The Clean Water Act: What to Know

A series of devastating environmental events in the mid-20th century shined a light on the need to protect the nation’s waterways, including Lake Champlain. People joined together at the local, state, and federal levels to push for new regulations to protect the environment, culminating with the passage of the Clean Water Act in 1972.

The Clean Water Act was federal legislation intended to reduce water pollution and make waters “fishable and swimmable.” It protected the waters of the United States, including Lake Champlain and improved water quality across the country. It also was not perfect, but importantly it was just the beginning of working to keep our water clean.

Passing the Clean Water Act

Concern about water quality continued after the creation of the EPA. In 1972, bipartisan members of congress introduced amendments to the 1948 Federal Water Pollution Control Act. The original law only protected interstate waterways from pollution, while the new proposed amendments gave the EPA expanded control over water quality. Under these amendments, the EPA could regulate and implement pollution control programs for waterways, set water quality standards, fund sewage treatment plants, and make it illegal to discharge any pollutants into waterways without permission. These amendments became the Clean Water Act.

After a series of revisions, the bill passed in the House and the Senate in 1972. The Nixon administration vetoed the bill after deeming it too costly at $24 billion dollars, but both Democrats and Republicans in Congress overrode his veto. The Clean Water Act became law on October 19, 1972, paving the way for safer practices to protect the nation’s waterways.

Above image: Lake Champlain Studies, Taking Samples From Lapham Bay Area Ekta, 1974. Photograph by Donald Wiedenmayer. Vermont State Archives, University of Vermont Landscape Change Program.

Stafford Campaign Button. Courtesy Vermont Historical Society. Robert Stafford of Vermont

Former Vermont Governor and Senator Robert Stafford led efforts to override Ronald Reagan’s veto of amendments that would strengthen the Clean Water Act in 1987 and secure special funding for Lake Champlain. A staunch environmentalist, Stafford was the chairman of the Senate Environment and Public Works Committee in 1980 and fought the Reagan administration to strengthen the Clean Air Act.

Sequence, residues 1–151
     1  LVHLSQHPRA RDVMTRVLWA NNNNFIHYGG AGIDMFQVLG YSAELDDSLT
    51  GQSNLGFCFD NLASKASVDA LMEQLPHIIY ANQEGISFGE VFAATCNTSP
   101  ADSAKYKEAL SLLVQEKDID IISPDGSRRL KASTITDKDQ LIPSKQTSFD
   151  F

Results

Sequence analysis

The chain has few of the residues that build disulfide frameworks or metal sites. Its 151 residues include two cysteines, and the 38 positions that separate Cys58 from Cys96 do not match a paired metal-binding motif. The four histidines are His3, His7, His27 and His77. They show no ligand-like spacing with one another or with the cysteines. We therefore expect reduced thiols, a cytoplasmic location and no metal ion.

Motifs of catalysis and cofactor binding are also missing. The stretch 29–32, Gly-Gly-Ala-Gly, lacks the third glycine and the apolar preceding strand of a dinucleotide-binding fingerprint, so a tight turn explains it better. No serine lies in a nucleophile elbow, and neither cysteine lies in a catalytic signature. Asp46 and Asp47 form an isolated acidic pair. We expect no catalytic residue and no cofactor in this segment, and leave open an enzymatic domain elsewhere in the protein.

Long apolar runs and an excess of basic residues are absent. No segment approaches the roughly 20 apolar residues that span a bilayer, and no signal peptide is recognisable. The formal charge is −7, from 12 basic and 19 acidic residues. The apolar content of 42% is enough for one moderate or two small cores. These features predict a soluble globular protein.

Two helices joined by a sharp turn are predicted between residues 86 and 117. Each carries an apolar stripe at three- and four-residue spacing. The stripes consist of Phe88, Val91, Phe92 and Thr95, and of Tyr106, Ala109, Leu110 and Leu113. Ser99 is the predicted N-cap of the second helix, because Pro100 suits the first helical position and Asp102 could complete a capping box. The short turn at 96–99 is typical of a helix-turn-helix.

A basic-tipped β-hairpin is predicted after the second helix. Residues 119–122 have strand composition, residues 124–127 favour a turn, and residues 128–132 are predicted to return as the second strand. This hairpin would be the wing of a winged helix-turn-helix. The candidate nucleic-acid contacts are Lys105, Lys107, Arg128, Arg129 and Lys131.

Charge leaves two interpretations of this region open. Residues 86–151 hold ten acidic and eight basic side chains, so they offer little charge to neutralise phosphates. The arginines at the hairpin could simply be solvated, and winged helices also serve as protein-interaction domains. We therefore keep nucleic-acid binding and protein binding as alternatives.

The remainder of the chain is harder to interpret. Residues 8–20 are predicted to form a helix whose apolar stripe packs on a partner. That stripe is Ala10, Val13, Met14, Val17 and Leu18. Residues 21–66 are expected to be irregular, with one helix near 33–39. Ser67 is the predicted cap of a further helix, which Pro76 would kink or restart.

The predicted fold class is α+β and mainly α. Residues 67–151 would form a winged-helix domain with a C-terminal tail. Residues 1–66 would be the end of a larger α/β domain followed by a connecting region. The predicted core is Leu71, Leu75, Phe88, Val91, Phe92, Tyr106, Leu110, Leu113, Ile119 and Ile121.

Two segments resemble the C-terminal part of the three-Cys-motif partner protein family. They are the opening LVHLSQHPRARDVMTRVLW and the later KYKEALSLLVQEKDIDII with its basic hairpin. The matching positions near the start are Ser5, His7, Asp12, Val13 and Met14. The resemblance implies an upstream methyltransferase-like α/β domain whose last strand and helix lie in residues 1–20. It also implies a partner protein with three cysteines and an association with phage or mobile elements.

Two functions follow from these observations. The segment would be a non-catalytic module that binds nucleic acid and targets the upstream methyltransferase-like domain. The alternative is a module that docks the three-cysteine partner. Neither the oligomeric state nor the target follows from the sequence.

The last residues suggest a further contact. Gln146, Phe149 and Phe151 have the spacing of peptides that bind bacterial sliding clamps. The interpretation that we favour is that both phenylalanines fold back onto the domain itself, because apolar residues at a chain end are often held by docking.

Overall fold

Image: Stafford Campaign Button. Courtesy Vermont Historical Society.

What Did the Clean Water Act Do?

The Clean Water Act intended to reduce pollution and make our waters fishable and swimmable. But how does federal legislation do that, specifically?

1. It created a permit system for regulating pollutant discharges in the Waters of the United States, meaning no one or no company could dump pollutants into a waterway without a permit.

Click for more: What are the “Waters of the United States?”

The vague definition of WOTUS in the CWA has ignited debate for years. Some believe it should be broad so the federal government can protect a variety of waterways and wetlands. Others believe it should be narrow so that states themselves can regulate certain waterways if they choose. Three Supreme Court decisions have addressed this issue.

2. It gave the EPA authority to implement pollution control programs and set standards, such as setting wastewater standards for industry.

Click for more: What counts as a pollutant?

Pollutants included dredged spoil, solid waste, incinerator residue, sewage, garbage, sewage sludge, munitions, chemical wastes, biological materials, radioactive materials, heat, wrecked or discarded equipment, rock, sand, cellar dirt and industrial, municipal, and agricultural waste.

3. It maintained existing requirements of states to set water quality standards.

4. It made it illegal for any person to discharge any pollutant from a point source into navigable waters, unless they obtained a permit.

Click for more: What is a “point source” of pollution?

In very specific language, “point sources” include any discernible, confined, and discrete conveyance, including but not limited to any pipe, ditch, channel, tunnel, conduit, well, discrete fissure, container, rolling stock, concentrated animal feeding operation, or vessel or other floating craft.

5. It funded the construction of sewage treatment plants.

6. It recognized nonpoint source pollution but did not directly address it.

Click for more: What is a “nonpoint source” of pollution?

“Nonpoint source” is any other source of water that does not meet the legal definition of “point source,” like runoff carried into water through rainfall or snowmelt.

Above image: Student snorkelers explore the New Haven River, part of the Lake Champlain Basin. 

What Didn’t the Clean Water Act Do?

The 1972 Clean Water Act, like many laws, is imperfect. It couldn’t foresee all the possible threats to clean water, and it didn’t include a lot of the things that today we associate with water being clean. So what was not covered in the Clean Water Act?

It did not:

  • Regulate pollution coming from diffuse sources, like runoff
  • Protect drinking water
  • Protect groundwater
  • Regulate pollutants that cause acid rain

Above image: The plants and animals in our ecosystem, like this duckling, rely on us to help protect their homes. Photograph by William H. Majoros, Wikimedia Commons.